Labour is wary that the RSA may have scored pyrrhic gains in the negotiations with the EU. The EU may have agreed to reduce its tariffs to zero (or near zero) for a whole range of RSA products in the full knowledge that many South African products would be unable enter the EU (or find it exceedingly difficult to do so). This is because the EU has put in place a number of barriers or disincentives such as :

  • bureaucratic customs and administrative entry procedures
  • technical barriers to trade
  • charges relating to imports
  • government aid, including subsidies.

Prior to the commencement of negotiations with the EU, labour's representatives in NEDLAC argued that it was important for government to undertake research that would identify those non-tariff barriers the EU had in place. This did not occur. It was only during the course of the negotiations that some work was done on Non-Tariff Barriers. It is COSATU's view that this research should have been finalised even prior to the commencement of negotiations.

COSATU tables the following proposals:

  • The DTI (together with other government departments) should be required - when they publicise the benefits of the Agreement - to encourage all business to immediately advise it of any EU originated entry "impediments". The DTI should specify a person or structure within the DTI to whom business can report its problems; this person/structure should ensure that a speedy investigation is launched into the merits of the complaint; and that proposals are made to address the issue.
  • The DTI should report to parliament on an annual basis on all those non-tariff barriers that the EU has used in order to block South African products, and what measures it took to counteract these.
  • South Africa should speed up its own research into standards, quality, metrology, etc. This research will be vital in identifying those areas whereby RSA will have to improve its own standards, quality arrangements, etc. Thereafter proposals should be made in order to see if the South African companies on their own can make the necessary adjustments. Should they be unable to do so then the government should examine ways offering these companies targeted support so that they can adapt.



It is disappointing to note that the social clause (see Article 85 of the Agreement entitled "Social Issues") contained within the Agreement does not contain any teeth - especially in relation to core ILO conventions. Labour had proposed during the negotiations to the DTI that there should be a direct linkage between any country within the EU obtaining trade preferences and that country formally ratifying the requisite ILO conventions. What was adopted, particularly as it relates to labour standards, is in our view substantially weaker than what could have been achieved in discussions with the EU.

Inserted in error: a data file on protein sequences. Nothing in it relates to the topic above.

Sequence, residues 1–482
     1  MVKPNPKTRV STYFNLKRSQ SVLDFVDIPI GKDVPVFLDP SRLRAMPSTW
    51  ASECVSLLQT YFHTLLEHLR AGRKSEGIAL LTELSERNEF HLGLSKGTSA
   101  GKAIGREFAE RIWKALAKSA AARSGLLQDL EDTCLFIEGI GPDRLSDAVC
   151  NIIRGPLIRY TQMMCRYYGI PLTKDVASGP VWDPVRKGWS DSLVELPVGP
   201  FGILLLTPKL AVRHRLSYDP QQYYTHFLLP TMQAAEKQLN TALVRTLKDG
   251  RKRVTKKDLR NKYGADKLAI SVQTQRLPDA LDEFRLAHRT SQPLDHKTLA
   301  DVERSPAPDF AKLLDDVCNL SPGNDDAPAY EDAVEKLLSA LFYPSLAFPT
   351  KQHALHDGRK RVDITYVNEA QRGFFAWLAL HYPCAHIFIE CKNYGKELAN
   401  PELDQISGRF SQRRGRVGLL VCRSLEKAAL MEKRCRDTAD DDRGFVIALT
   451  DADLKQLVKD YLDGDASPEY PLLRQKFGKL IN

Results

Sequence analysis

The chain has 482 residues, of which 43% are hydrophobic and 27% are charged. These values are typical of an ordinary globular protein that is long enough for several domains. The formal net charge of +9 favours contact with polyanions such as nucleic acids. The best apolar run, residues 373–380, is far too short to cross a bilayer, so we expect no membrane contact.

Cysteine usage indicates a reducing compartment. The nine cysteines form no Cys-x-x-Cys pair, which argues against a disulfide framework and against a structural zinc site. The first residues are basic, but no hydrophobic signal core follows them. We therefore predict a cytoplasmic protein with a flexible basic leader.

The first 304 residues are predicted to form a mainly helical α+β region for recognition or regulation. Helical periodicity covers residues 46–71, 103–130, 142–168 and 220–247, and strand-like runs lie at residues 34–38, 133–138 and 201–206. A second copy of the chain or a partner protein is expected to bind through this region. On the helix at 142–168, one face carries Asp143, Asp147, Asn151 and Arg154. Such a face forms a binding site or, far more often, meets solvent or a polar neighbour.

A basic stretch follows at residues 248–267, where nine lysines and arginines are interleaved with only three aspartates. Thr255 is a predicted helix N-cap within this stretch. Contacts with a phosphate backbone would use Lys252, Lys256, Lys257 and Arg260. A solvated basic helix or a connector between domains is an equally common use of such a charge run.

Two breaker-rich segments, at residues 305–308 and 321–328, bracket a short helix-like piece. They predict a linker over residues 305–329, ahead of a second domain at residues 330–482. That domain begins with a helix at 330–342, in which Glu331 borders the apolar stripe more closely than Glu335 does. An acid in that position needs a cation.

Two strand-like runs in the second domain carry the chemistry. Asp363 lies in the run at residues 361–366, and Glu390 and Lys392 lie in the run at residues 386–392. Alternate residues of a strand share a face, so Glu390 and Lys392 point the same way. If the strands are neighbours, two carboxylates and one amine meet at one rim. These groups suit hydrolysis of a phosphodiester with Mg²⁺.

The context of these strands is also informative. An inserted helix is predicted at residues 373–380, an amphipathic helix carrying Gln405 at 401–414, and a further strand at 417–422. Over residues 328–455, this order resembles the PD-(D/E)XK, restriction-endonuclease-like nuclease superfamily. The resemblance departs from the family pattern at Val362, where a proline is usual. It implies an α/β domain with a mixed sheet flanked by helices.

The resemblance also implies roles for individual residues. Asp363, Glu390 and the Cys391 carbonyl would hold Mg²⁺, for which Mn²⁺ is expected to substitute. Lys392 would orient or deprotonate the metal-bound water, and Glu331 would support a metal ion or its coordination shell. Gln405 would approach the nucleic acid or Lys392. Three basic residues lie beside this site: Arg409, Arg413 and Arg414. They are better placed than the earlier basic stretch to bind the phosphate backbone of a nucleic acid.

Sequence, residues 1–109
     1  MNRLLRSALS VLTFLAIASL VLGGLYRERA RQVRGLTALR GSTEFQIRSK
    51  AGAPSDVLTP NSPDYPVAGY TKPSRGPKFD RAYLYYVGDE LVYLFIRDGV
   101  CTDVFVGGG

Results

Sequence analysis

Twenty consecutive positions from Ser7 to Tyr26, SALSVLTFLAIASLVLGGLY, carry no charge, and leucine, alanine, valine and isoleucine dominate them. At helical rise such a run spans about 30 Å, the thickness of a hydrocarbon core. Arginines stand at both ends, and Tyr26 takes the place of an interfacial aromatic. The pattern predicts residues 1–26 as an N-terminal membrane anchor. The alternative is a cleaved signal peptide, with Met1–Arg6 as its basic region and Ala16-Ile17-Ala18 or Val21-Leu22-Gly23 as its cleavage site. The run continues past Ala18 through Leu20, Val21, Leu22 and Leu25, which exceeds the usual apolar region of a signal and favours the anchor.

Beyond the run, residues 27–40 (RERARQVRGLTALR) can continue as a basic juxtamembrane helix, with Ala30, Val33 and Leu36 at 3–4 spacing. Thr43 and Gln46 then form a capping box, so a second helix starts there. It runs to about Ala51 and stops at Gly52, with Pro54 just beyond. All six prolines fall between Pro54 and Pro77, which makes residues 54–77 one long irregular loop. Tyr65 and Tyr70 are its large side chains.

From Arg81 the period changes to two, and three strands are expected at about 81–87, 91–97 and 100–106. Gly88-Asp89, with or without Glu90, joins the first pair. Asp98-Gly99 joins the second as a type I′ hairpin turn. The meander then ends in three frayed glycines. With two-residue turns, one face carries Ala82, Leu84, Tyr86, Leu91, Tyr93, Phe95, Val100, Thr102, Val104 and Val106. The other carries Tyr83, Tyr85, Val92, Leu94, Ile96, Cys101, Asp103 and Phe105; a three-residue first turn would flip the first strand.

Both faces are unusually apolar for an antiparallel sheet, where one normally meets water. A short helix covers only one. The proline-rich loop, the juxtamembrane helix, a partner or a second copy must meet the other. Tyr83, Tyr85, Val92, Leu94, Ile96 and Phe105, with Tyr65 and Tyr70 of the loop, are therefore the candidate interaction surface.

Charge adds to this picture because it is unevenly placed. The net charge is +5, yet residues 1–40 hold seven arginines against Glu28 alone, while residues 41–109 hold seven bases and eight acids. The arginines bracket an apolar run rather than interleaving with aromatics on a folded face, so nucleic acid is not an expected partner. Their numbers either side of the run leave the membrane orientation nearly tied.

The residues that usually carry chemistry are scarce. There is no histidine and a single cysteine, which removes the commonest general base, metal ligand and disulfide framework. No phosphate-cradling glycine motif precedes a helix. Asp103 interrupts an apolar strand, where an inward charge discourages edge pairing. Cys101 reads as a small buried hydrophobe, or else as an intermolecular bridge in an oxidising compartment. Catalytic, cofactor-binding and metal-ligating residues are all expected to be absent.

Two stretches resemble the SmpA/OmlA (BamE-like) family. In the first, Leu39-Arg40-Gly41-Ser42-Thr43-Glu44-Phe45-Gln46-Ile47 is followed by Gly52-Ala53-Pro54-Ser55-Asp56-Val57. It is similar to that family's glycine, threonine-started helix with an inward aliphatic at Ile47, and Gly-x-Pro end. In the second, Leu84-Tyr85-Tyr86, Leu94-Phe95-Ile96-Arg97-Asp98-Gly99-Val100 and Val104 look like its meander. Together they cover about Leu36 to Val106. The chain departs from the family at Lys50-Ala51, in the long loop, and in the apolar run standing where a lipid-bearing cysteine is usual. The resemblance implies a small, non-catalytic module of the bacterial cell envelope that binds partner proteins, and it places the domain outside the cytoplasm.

Although the Agreement is nominally between South Africa and the EU, in effect it involves the whole of SACU as well as having implications for the Southern African region as a whole. By concluding a deal with South Africa, the EU has unilaterally transformed the basis of its trade relations with the BLNS countries (Botswana, Lesotho, Namibia and Swaziland) from a non-reciprocal preferential trade agreement to a reciprocal preferential trade agreement. COSATU is concerned about the potential effects of the Agreement on SACU countries. These countries will be negatively affected both in terms of possible displacement of their own domestic industries by cheaper European imports and by losses in revenue from the SACU customs duties revenue pool, as well as to a lesser extent by loss of exports to South Africa.

It would be irresponsible for South Africa not to take steps in ensuring that these potential consequences are mitigated. There have been some indications of EU support to the region, and South Africa in conjunction with the affected countries needs to ensure that these commitments translate into meaningful injections of resources. Monitoring is also required to ensure that any aid/compensation offered does not simply come out of what these countries would have received anyway. Lastly, in finalising and implementing the SADC Protocol South Africa needs to be sensitive to the negative effects the region and SACU in particular are likely to be experiencing as a result of the EU Agreement.